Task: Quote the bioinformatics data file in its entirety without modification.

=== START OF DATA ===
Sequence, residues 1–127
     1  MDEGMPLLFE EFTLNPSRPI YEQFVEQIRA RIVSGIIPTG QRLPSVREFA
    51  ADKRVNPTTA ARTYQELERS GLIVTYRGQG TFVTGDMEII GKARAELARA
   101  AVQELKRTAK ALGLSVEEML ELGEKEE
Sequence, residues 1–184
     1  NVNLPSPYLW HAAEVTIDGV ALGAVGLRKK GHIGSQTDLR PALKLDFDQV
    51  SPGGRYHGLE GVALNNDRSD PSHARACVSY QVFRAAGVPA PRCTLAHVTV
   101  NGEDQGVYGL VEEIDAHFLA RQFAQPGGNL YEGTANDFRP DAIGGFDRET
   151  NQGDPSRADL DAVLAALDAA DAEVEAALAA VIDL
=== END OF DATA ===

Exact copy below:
Sequence, residues 1–127
     1  MDEGMPLLFE EFTLNPSRPI YEQFVEQIRA RIVSGIIPTG QRLPSVREFA
    51  ADKRVNPTTA ARTYQELERS GLIVTYRGQG TFVTGDMEII GKARAELARA
   101  AVQELKRTAK ALGLSVEEML ELGEKEE
Sequence, residues 1–184
     1  NVNLPSPYLW HAAEVTIDGV ALGAVGLRKK GHIGSQTDLR PALKLDFDQV
    51  SPGGRYHGLE GVALNNDRSD PSHARACVSY QVFRAAGVPA PRCTLAHVTV
   101  NGEDQGVYGL VEEIDAHFLA RQFAQPGGNL YEGTANDFRP DAIGGFDRET
   151  NQGDPSRADL DAVLAALDAA DAEVEAALAA VIDL